As I age, I do not know better. My resolve runs thin when I need it the most. I cannot help thinking that as technology shapes the world by keeping us all electronically connected, we will soon land ourselves in the discomfort zone that is described in dystopian fiction such as The Circle by Dave Eggers. Most of us are too busy keeping up with the increasingly Orwellian culture that has been precipitated and made possible with the Internet and electronic devices. Our likes and dislikes are easily tracked and our activities traceable as we navigated the cyberspace.We adapt fast to all the conveniences provided by technology and also new norms and procedures that have been set in the name of providing a safe community for all.
Here we all are in this one humongous bubble that is known as the universe. We are just shuffling ourselves back and forth in this world , recycling our energy with novel or not so fresh ideas, new discoveries and fast forwarding technology. Most of us keep ourselves occupied with a view to be useful, productive and make the best of our time on this planet. We are told that wisdom and maturity are what makes aging less daunting. How we feel about ourselves is often defined by our sense of fulfilment. We so want to have the right attitude towards life but we find ourselves feeling up and bright one day and then flat or confused another day. In the meantime , we are occupied with current news, work and chores. By the end of the day, most of us are weary and just want to unwind by not thinking more. Often we do what we are told and do not give ourselves the moment and space to think or act otherwise.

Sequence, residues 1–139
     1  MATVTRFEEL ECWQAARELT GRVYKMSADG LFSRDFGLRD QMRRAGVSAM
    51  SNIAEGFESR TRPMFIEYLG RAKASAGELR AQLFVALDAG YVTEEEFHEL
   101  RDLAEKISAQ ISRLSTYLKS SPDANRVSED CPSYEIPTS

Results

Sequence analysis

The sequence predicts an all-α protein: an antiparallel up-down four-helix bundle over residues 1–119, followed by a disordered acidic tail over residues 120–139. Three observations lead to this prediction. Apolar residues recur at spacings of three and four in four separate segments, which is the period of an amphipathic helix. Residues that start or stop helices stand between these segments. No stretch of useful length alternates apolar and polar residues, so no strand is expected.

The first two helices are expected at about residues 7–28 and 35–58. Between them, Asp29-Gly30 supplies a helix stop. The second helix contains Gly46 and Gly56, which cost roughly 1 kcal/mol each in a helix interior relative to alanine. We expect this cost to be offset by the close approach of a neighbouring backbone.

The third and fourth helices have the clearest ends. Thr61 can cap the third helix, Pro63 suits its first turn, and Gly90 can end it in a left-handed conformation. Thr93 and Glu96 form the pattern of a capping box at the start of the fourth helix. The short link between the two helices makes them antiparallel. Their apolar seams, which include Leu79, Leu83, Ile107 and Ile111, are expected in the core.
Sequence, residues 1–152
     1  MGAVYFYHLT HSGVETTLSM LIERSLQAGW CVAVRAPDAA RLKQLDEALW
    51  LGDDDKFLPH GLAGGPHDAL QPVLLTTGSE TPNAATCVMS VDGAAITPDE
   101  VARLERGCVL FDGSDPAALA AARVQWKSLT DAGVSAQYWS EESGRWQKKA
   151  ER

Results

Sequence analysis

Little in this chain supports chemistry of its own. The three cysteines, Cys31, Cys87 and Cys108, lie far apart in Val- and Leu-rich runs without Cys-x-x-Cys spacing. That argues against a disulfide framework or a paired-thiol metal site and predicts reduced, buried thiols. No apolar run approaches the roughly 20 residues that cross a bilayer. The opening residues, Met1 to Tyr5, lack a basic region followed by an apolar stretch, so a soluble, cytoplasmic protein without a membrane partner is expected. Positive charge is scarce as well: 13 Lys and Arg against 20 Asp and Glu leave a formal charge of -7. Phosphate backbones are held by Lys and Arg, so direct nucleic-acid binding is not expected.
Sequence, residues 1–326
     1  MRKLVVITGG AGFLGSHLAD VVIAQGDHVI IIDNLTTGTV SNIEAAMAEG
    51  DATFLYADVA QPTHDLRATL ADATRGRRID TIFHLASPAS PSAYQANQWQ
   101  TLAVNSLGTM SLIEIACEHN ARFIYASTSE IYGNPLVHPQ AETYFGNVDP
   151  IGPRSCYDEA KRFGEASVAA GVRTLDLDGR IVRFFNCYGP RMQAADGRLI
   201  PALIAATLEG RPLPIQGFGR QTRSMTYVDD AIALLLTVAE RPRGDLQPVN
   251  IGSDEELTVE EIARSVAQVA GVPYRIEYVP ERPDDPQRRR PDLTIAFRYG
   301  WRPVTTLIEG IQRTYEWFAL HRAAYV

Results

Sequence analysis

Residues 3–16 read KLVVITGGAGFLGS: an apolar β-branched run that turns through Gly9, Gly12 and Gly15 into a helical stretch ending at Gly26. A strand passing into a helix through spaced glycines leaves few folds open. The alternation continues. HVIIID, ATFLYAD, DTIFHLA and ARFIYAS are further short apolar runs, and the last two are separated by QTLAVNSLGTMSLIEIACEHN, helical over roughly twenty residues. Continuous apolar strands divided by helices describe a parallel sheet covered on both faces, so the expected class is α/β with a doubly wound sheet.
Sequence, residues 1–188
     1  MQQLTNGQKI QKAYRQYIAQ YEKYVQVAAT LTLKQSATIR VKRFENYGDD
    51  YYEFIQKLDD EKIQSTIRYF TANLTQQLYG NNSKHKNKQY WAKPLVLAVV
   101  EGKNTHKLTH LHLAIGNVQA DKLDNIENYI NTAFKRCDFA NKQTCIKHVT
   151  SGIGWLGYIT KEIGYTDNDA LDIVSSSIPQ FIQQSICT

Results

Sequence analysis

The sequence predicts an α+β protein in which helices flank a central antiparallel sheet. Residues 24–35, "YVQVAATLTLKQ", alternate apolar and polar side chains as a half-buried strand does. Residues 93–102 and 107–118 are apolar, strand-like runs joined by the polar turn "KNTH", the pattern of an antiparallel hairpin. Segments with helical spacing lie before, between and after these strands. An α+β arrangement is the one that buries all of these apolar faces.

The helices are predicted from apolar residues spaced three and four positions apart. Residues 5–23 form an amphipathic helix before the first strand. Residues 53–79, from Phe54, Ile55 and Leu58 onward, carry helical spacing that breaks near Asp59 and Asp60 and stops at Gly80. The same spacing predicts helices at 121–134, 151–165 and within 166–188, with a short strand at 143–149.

I have been watching ‘On the Verge’ the new Netflix show written by Julie Delpy. It is about four women friends in their late forties and they at times grieve the life they had dreamt they would have. They are going through some mid-life issues. In episode eight, there is this scene where Anne, the character played by Elizabeth Shue is told by a new acquaintance about the Japanese word Yūgen, a profound concept that translates the duality of the world and its unknowable beauty and mystery. In Buddhism, everything about the universe is constantly changing and all things are considered as either evolving from or dissolving into nothingness.
Since everything is transient, we should remind ourselves to live with more gusto, less prejudices and fears about all that is happening based on what we hear or read from the newsfeed. In fact nothing is really new and we are just re-examining age-old and omnipresent issues, be it politics, class, racial, religious , ethnicity, cultural or social, and labelling our experiences and conflicts thinking that we must become more evolved as human race.